“and that same group has issued a rebuttal saying Taylor cherry-picked his data and refutes his claim. Oops”

        Isn’t it amazing how every time wingnuts seize upon a study that “disproves” climate change, the people who did the study immediately state that wingnuts are lying about what the study says? It’s almost as though wingnuts are just inveterate liars who don’t know the first thing about science but certainly know how to parrot talking points. But that can’t be true…can it?

      • rustybrown2012 says:

        Inveterate liars or dumbasses, maybe both. It’s the eternal question. What can you say about a person who has been shown how something is a falsehood yet continues to fall for the same lie repeatedly? That’s literally classified as retardation.

      • Ya do have to wonder about Cluster’s motivations. I mean, James Taylor’s motivations are pretty clear: He’s getting paid to lie and obfuscate. But Cluster? If I had to guess, I’d say he has an inferiority complex. He probably didn’t go to college–and if he did, he went to a J.C. and never finished–and now he tries to make up for his feeling inferior to people that do have college degrees. At least, that’s the way he comes off.

      • rustybrown2012 says:

        And right on cue, when Cluster learns that the article he presented is bullshit (because you know he’s reading this) does he defend it? Issue a retraction? No, he links to an even more inane article (he calls it “great”) from an even more biased source. This tripe reads like a third graders lesson on propaganda; the distortions and lies are so dense one would have to do a sentence by sentence analysis to unpack them. What an asshole.

      • meursault1942 says:

        Hahahaha, Wattsupwiththat. It’s the Newsmax of denialism!

  7. rustybrown2012 says:

    Memorial day. Let’s all remember our fallen soldiers and remember the political party that instigated their needless slaughter–Republican. Let’s honor our troops by sparing them from unnecessary wars in the future.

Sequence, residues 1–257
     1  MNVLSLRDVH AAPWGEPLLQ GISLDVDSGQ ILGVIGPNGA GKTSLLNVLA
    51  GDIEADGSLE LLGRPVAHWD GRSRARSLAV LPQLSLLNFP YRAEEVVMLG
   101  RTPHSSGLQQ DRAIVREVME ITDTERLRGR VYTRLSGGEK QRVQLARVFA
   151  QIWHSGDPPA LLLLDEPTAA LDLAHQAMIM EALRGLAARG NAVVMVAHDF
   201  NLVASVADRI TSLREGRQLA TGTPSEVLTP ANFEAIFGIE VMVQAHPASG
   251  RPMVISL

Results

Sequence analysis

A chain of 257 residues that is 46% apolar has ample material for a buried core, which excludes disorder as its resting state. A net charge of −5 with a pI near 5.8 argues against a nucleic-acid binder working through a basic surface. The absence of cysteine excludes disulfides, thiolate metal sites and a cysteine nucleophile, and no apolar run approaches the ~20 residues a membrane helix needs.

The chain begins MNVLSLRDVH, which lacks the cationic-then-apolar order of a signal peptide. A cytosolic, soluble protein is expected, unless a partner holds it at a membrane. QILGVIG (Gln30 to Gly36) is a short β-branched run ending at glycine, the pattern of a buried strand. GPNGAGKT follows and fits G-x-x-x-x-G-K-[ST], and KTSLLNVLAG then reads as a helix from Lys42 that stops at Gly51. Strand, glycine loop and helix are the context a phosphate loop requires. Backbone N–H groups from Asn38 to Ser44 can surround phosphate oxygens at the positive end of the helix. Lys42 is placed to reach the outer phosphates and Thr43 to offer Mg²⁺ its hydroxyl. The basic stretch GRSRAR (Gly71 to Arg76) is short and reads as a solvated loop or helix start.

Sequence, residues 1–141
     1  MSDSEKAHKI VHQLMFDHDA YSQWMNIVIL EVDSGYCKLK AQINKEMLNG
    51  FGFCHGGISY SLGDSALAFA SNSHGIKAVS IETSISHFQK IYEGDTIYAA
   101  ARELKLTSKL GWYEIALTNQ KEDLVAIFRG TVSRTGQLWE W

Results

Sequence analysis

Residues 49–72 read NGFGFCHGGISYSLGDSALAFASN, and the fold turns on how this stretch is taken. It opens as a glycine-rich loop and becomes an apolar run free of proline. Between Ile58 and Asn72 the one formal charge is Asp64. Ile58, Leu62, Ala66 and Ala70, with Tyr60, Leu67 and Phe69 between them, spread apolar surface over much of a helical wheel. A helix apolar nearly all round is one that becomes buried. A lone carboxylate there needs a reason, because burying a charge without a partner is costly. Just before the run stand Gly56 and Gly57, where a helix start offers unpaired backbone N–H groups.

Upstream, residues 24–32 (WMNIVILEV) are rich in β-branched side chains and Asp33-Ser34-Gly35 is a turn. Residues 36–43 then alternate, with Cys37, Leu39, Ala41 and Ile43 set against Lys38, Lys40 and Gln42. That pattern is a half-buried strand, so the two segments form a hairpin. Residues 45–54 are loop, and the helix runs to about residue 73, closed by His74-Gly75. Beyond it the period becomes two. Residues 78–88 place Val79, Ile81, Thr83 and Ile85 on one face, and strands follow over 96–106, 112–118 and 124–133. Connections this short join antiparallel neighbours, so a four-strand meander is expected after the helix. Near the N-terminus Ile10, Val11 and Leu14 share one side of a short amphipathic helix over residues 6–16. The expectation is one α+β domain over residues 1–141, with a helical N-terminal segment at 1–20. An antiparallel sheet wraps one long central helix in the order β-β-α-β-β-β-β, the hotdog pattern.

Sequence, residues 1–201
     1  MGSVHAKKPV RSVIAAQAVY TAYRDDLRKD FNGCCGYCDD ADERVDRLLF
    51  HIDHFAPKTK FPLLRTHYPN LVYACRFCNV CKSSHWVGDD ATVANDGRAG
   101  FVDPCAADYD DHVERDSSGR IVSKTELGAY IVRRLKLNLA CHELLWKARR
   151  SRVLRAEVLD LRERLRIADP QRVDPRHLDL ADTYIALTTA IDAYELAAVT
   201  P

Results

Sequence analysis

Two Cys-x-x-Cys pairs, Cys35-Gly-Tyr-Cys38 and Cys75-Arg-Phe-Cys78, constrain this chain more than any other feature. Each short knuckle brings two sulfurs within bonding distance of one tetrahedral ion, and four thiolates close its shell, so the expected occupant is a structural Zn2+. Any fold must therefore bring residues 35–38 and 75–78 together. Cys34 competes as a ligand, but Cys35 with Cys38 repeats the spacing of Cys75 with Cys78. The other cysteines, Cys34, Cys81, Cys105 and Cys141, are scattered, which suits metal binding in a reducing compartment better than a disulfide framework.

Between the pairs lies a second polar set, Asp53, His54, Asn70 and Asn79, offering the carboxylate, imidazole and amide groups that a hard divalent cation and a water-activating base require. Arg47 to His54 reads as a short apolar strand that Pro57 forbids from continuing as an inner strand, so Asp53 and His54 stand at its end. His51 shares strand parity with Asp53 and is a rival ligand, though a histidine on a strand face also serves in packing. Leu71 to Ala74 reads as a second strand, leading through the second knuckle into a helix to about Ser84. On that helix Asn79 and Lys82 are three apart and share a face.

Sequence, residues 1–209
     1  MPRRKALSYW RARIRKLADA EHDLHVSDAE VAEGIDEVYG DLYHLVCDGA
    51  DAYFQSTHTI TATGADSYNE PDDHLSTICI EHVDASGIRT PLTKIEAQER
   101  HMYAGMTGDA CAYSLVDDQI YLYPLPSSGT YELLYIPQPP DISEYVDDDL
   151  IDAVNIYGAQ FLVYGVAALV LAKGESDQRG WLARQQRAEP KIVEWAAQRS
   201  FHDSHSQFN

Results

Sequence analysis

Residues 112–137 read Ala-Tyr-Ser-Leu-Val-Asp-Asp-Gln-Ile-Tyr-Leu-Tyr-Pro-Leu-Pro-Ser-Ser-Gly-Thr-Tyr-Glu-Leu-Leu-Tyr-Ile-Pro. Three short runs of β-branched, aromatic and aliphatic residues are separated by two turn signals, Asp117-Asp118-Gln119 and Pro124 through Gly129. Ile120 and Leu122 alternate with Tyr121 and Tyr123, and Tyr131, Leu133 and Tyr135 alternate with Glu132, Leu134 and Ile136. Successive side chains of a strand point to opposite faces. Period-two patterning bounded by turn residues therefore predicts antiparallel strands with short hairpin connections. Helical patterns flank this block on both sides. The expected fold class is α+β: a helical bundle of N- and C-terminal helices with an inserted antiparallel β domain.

8. rustybrown2012 says:

    Spook just can’t seem to escape the “coarsening of our culture” manifest in other people:

    “I’ve noticed a significant increase in incivility among other drivers in the last few years. Hardly a day goes by that someone doesn’t flip me off for some perceived slight”

    Hardly a day! I don’t know about the rest of you, but I can’t remember the last time I was flipped off. Maybe it’s because I’m not seething resentment, paranoia and aggrievement everywhere I go. Or maybe I’m just lucky. Reminds me of the saying, ‘If you run into an asshole in the morning, you’ve run into an asshole. If you run into assholes all day long, YOU’RE the asshole.”

    In other news, I see that whatever looney bin is housing Amazona has reinstated her computer privileges. Unfortunately, she shows no signs of improvement and is up to her same self-righteous, judgmental, persecution schtick. Look for her ward to be scaling back her computer time soon in favor of picture puzzles.

    • I saw that comment by Spook and thought the same thing. Hardly a day goes by! That is so funny, my wife over on the couch is asking me what I’m laughing about. It would take too long to explain.

      My other favorite Spook comment in that thread is where he explains to us that when a “leftist” tries to make a point to Spook in conversation, he just responds, “Bullshit!” and that is the end of the conversation. Well, duh. Spook, you get no response because it is obvious to the other party that you have no interest in having a conversation. I mean, how idiotic and childish can you get? And remember, folks, he was an intelligence analyst in his work life. Good God.